I like this adding one media idea. But adding it to existing system flickr is not so good to me. My suggestion is use another system ,say, Flickv or something like that. The bottom line is we know flickr for it's a photo sharing/socializing system but not a text blog or video blog system. If the decision maker want to take advantage of the existing user resources from Flickr, they may find another way instead of adding media to existing flickr photo system.
Clive Rowland Posted 10 years ago. Edited by Clive Rowland (member) 10 years ago
I'd like te option to be able to turn off the visibility of video in your profile, so you could be blissfly ignorant they even exists. The same for mobile phone photos too actually and if possible, pictures from teenage girls who take 500 images of themselves per day, all of which are almost identical.
I joined Flickr for photography, too, and i certainly hope it remains predominantly a site for still photography. But all these "no video" groups seem to me to be a bit, well, reactionary. I'm willing to take a bit more of a wait and see attitude here. The quality of the work posted to Flickr has really impressed me, and I'm really not expecting to see that change overnight. From Yahoo's point of view: I think that's really what Flickr has going for it, and it's the reason people come here rather than going to other photo sites. It just wouldn't make sense to not continue nurturing a good community of photographers here, and I expect that's just what Yahoo will do alongside with gradually introducing video.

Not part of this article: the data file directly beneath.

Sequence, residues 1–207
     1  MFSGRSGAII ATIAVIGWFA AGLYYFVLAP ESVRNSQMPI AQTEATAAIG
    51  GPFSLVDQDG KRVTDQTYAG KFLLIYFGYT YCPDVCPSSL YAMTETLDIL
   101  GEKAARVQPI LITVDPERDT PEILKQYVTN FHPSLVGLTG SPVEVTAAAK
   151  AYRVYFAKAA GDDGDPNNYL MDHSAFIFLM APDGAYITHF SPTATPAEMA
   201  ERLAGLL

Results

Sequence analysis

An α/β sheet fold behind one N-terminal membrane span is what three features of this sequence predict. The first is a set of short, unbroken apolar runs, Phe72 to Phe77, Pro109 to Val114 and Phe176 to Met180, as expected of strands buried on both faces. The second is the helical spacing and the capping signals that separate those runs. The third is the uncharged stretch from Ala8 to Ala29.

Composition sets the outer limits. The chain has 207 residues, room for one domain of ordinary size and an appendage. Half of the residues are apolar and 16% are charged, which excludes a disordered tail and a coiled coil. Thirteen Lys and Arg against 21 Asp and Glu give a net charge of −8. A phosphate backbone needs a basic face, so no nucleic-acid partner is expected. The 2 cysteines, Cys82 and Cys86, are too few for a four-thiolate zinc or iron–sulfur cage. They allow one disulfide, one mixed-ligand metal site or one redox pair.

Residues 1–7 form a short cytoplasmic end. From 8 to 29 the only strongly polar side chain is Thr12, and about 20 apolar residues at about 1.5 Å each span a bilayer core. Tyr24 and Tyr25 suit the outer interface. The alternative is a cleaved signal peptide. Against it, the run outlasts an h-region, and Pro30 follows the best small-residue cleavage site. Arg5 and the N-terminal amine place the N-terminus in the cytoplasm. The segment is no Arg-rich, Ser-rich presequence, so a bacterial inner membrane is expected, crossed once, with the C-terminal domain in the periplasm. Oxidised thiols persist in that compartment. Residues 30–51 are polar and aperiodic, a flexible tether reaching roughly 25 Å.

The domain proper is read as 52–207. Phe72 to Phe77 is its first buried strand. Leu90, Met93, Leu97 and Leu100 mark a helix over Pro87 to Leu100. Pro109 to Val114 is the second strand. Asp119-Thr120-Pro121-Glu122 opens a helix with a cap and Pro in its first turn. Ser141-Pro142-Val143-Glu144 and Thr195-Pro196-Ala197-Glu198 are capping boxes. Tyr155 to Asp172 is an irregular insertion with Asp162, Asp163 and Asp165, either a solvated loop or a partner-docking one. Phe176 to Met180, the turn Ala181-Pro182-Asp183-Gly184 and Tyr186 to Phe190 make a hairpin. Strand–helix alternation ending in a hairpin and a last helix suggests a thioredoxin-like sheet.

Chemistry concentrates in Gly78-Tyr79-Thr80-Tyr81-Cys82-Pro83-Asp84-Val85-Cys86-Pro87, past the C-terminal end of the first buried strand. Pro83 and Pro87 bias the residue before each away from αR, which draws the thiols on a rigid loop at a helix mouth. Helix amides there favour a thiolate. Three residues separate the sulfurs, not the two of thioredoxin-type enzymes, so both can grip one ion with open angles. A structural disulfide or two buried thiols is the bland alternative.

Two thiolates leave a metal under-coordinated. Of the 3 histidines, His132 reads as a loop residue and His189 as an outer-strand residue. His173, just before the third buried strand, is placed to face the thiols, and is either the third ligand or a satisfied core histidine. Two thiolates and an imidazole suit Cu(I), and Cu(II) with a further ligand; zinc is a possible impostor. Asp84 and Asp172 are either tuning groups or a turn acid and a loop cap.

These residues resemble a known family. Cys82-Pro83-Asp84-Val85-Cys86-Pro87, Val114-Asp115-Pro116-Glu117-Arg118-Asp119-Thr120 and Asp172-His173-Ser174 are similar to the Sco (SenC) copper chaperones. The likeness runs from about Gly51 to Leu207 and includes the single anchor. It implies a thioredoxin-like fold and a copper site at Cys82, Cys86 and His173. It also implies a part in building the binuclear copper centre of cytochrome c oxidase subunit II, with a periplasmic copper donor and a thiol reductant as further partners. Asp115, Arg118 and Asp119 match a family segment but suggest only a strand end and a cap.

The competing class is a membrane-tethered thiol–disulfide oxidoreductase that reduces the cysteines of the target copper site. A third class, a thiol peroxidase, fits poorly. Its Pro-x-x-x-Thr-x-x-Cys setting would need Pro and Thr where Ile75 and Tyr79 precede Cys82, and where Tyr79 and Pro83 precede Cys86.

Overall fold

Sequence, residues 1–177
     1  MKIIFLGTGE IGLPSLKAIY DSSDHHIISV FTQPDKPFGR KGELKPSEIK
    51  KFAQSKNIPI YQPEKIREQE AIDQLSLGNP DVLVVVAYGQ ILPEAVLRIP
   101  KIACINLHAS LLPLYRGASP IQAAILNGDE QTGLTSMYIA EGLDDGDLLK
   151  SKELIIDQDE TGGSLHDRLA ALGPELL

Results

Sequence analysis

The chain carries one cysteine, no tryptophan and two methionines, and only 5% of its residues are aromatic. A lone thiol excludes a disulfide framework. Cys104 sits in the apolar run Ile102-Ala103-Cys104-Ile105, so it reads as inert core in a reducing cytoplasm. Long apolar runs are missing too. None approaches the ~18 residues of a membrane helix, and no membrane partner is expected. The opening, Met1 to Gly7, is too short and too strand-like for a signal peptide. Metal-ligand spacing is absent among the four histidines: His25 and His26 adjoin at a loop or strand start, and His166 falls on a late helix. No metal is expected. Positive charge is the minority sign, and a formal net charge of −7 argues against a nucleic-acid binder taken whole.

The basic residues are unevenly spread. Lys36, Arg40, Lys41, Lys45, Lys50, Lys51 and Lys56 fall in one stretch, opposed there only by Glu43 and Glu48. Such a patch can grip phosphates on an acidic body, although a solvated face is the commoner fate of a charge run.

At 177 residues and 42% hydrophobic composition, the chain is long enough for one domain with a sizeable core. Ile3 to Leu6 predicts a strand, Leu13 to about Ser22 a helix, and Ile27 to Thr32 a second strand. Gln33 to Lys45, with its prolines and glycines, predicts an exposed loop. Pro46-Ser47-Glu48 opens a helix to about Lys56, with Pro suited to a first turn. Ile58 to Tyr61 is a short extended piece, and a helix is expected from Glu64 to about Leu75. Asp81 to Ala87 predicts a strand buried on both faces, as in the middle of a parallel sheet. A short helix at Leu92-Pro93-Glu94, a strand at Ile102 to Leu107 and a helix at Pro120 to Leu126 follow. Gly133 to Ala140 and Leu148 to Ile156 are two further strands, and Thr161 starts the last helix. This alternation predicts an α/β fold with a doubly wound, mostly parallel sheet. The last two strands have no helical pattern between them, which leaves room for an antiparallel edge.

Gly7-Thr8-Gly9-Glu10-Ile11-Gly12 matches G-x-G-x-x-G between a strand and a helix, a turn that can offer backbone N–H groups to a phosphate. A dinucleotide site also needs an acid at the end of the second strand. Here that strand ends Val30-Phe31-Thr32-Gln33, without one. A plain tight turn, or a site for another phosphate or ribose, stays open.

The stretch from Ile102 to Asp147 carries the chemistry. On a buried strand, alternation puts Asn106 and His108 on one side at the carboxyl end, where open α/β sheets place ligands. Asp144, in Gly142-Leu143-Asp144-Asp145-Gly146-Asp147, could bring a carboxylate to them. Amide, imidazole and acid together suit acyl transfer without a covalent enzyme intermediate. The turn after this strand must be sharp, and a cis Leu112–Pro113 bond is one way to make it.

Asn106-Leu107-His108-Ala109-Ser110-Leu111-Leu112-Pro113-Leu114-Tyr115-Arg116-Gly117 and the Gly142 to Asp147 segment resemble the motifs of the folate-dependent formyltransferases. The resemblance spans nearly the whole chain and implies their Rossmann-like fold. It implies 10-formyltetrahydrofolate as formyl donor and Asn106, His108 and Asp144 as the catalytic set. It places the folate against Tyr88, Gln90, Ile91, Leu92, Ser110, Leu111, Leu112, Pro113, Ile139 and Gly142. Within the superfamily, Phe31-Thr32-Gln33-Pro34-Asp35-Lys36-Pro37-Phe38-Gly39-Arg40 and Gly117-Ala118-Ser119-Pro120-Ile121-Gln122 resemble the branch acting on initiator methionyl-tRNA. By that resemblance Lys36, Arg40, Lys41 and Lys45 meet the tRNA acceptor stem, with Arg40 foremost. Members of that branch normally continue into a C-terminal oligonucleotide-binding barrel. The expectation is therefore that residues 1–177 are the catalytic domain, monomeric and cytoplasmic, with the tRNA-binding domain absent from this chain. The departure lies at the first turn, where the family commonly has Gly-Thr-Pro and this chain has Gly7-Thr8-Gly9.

bunnyechoes 10 years ago
I'm saying no. I joined this site for sharing pictures - if I want to watch a video, I can easily access youtube or similar sites.

Someone mentioned a flickr site but just for videos - i like this idea. it would be a good solution i guess - those who wanted to see&share videos would be free to do so, flickr would make money out of it, and those who aren't interested would simply pass it.
.stephweiss 10 years ago
90 seconds of video is not like YouTube nonsense. It's just another medium to share 'art' (or not art, as the case may be). As long as it doesn't affect the bandwidth, I can choose to view or not view videos (or upload/not upload them) as it suits me. No worries here.
matt_cinque Posted 10 years ago. Edited by matt_cinque (member) 10 years ago
flickr hasn't purchased any new servers, meaning that video is taking a huge chunk of the bandwidth pie

i say create a "pro video" account, charge an extra 10 bucks a year so the people who really really need video to express themselves can, and they can pay for their own bandwidth and pay the extra staff

dividing staff and resources like this is an idiotic business move, in fact in my opinion its so overly idiotic the only explanation for it i can find is that yahoo is whoring flickr for every penny before microsoft buys them
Zonie_Zambonie 10 years ago
My "preservationist" side says no to video on Flickr, but my "realist" side says maybe.

I liken all this hub-bub about video on Flickr to color film within the history of photography. There are those that are more "preservationist" like Ansel Adams that were not only masters of their art and could capture the beauty of things without the aide of color. Then there were the "realists" like Barry Goldwater that were able to capture as efficiently on color film as they were on black and white film.

The art is in knowing when to use what medium. I am not as familiar as effective with video as I am with still photography, but there are some out there that are masters of the craft on video.

I guess the real question is how and where (or if) Flickr will draw a line as to what is acceptable and what is not.